On Carnival Friday last year, my sapodilla was on stage singing her calypso competition tune, ‘Mosquito’. Zika was an oncoming threat and we wanted to combine musical commentary on a serious issue with humour, to step away from trends where women and girls are the voices of public lament, while men and boys the kings of humour and word play.
So, her verse, ‘Health Ministry spray/cannot save the day/plus recession biting them too’, was meant to highlight collective responsibility for mosquito-borne diseases, ecological concerns about insecticides used by the state and their impact on insect biodiversity and, at another level, the multiple ways big issues bite both state and society. She came second, promptly putting her prize money in her piggy-bank.
Following this, the song reached the ears of a national park ranger in the US who, just this week, sent Ziya her own Biscayne National Park Junior Ranger badge because her song is going to be introduced into their kids’ camp. In her mailed package, Sapodilla also got a fossilized shark tooth which she proudly put in her treasure box. You never know where calypso can reach.
Today, she’s on stage again, with ‘first-class lyrics for so/ but not about no mosquito’. This time, she’s telling a true story about our dog Shak Shak who, terrified by Old Year’s Night fireworks, ran away and was lost for several days. In the song, she looks for Shak Shak everywhere. She goes by the church, all they tell her is that prayer always works. She stops by the shop owner, but he’s only helping his customers. The police are too busy looking for tief. She calls up the Prime Minister, he tells her to put her request in a letter. She goes up Mount Hololo, which is near us, and even Tobago, which is far, but no Shak Shak.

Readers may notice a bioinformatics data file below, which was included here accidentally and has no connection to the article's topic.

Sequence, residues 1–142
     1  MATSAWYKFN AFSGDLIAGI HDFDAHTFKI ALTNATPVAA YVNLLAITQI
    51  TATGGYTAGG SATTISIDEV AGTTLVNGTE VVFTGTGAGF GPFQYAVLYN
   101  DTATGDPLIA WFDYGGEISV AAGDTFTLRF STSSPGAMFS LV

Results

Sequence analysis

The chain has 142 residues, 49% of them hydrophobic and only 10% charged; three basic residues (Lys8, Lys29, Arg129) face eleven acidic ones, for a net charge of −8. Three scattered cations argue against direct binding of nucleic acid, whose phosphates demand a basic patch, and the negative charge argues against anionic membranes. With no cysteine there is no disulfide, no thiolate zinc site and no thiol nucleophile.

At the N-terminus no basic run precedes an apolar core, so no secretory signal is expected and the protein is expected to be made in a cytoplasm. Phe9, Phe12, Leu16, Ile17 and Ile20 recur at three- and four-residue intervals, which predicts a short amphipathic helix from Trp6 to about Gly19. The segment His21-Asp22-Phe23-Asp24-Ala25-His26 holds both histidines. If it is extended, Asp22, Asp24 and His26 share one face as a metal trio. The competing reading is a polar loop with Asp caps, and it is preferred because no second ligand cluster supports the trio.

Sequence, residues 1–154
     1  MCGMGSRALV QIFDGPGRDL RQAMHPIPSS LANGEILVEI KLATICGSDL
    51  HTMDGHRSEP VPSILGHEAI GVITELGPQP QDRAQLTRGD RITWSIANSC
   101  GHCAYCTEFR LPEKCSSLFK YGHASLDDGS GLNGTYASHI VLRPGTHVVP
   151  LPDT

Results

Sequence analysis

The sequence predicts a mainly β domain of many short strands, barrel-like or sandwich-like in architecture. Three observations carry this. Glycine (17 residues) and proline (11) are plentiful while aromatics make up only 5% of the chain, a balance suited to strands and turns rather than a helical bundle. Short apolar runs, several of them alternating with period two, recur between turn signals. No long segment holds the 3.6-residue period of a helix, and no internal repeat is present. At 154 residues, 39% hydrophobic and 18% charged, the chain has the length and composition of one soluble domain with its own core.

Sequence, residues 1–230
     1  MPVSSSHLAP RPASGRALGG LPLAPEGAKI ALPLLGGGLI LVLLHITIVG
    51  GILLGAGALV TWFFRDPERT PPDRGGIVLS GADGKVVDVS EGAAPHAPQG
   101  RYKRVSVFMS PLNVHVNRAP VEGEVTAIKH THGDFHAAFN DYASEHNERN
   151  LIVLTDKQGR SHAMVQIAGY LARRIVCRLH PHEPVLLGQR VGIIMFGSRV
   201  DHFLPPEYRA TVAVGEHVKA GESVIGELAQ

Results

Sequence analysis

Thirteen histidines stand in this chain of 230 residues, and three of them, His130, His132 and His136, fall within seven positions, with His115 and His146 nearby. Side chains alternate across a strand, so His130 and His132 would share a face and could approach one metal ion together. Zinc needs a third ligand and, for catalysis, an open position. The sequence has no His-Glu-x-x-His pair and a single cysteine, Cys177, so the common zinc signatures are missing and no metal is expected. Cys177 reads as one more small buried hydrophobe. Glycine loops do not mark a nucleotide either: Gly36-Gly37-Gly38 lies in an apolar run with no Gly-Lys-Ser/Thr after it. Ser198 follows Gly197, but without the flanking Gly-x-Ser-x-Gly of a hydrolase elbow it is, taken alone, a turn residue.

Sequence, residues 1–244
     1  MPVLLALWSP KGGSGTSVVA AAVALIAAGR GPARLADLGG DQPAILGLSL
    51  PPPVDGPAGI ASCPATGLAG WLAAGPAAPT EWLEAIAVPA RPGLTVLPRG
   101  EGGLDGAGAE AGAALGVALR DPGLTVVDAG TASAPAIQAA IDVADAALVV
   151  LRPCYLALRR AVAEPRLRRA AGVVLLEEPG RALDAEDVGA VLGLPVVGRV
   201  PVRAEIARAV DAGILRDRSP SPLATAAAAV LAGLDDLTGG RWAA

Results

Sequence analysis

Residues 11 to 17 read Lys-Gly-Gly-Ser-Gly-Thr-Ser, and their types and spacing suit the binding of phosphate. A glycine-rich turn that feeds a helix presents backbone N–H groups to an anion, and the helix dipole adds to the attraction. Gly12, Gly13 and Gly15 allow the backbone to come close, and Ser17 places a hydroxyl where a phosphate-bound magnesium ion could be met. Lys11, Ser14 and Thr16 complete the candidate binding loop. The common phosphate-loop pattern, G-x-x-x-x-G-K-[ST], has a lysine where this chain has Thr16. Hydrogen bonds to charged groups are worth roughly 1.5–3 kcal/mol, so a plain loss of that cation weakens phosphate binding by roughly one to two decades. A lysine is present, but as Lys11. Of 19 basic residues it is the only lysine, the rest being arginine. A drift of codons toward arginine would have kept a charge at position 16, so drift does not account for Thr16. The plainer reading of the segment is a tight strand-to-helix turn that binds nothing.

The end of the song finds Shak Shak hopping a drop to the beach for, of all things a vacation, leading to the double-meaning in the punch-line which observes how ‘Shak Shak reach!’, a local turn of phrase for when someone ends up where you don’t expect, whether in terms of geographical extremities or rapidly improved circumstances by opportunistic means.
In reality, our terrified dog was picked up at the side of the road by a nice couple, whose car she jumped into when they stopped to check on her. As they were on their way to Las Cuevas, Shak Shak went with them and spent several days liming, likely happily, on the North Coast with their family, all while we searched and worried. When they returned to Santa Cruz, and saw the posters, Shak Shak was brought home, looking well rested and well refreshed from all the crisp sea and mountain breeze.
A fireworks-terrified lost dog is such a common story, and the beloved pothound so many children grow up with is such a common memory, how could we not turn this escapade into kaiso? Of course, as kaiso must, Shak Shak gets portrayed in the figure of the wayward quick-stepper, successfully breaking biche before order is restored, for isn’t that what the bravado of calypso requires of even the most timid of real-life characters?
Zi herself is a timid character. She’s produced by her dad, Lyndon ‘Stonez’ Livingstone, whose Razorshop roadmix of MX Prime and UR’s ‘Full Extreme’ is now on radio replay. Still, this singing on stage business, though just in her school hall, is a reach for her as well. Might she come first this year? Given where ‘Mosquito’ and Shak Shak ended up, you never can tell.